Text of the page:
ABOUT THIS BOOK
The question of how law matters has long been fundamental to the law and society field. Social science scholarship has repeatedly demonstrated that law matters less, or differently, than those who study only legal doctrine would have us believe. Yet research in this field depends on a belief in the relevance of law, no matter how often gaps are identified.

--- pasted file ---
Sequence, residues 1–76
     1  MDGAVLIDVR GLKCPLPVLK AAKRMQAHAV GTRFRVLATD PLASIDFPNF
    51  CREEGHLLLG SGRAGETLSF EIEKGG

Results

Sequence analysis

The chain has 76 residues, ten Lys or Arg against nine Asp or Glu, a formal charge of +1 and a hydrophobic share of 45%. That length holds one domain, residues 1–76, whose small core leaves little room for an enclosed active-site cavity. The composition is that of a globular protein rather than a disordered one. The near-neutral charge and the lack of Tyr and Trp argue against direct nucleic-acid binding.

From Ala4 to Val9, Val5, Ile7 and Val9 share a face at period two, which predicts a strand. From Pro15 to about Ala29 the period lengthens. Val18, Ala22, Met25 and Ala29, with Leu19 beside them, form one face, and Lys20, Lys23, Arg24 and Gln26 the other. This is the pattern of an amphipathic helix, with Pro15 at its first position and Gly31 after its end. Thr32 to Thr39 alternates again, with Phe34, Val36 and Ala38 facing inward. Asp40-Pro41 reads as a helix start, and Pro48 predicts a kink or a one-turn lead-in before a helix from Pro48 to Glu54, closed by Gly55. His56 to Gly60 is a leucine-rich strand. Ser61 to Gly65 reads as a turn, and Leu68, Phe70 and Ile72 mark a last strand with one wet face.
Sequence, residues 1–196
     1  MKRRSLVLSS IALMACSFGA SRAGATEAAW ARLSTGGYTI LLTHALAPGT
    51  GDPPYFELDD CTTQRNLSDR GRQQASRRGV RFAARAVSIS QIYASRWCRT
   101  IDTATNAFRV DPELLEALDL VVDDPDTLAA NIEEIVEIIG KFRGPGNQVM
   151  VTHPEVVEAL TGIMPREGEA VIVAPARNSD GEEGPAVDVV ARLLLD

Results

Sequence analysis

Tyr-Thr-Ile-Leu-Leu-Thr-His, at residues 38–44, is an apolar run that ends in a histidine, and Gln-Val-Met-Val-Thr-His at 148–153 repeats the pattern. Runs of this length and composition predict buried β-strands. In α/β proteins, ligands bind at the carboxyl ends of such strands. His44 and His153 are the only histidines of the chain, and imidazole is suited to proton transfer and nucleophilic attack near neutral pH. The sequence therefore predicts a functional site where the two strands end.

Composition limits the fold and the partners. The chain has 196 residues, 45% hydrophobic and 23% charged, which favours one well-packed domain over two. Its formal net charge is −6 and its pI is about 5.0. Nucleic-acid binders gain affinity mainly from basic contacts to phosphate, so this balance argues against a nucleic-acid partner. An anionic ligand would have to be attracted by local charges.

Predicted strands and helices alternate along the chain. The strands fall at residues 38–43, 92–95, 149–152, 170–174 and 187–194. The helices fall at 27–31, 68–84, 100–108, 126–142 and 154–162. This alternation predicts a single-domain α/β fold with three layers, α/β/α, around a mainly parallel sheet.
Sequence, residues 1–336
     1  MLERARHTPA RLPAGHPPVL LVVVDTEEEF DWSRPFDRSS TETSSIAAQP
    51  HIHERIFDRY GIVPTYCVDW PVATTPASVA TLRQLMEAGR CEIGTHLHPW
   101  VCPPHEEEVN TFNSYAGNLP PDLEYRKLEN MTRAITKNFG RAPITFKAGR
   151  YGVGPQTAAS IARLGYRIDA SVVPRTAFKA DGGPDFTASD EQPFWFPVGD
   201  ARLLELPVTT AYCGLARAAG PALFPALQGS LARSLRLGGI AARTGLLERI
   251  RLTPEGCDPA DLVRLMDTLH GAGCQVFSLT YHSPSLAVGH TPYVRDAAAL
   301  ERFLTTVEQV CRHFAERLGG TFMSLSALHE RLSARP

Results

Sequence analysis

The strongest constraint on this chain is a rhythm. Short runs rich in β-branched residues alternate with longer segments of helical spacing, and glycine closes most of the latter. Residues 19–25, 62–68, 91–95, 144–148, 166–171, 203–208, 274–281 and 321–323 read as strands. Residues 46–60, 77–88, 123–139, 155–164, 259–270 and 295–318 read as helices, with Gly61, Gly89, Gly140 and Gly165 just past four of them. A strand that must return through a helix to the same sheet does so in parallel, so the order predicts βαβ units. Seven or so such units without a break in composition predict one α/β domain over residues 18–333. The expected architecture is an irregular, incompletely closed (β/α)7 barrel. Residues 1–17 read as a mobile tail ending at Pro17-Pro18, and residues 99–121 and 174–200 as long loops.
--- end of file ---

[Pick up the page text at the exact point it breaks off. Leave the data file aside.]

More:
These essays show how law is relevant in both an "instrumental" and a "constitutive" sense, as a tool to accomplish particular purposes and as an important force in shaping the everyday worlds in which we live. Essays examine these issues by focusing on legal consciousness, the body, discrimination, and colonialism as well as on more traditional legal concerns such as juries and criminal justice.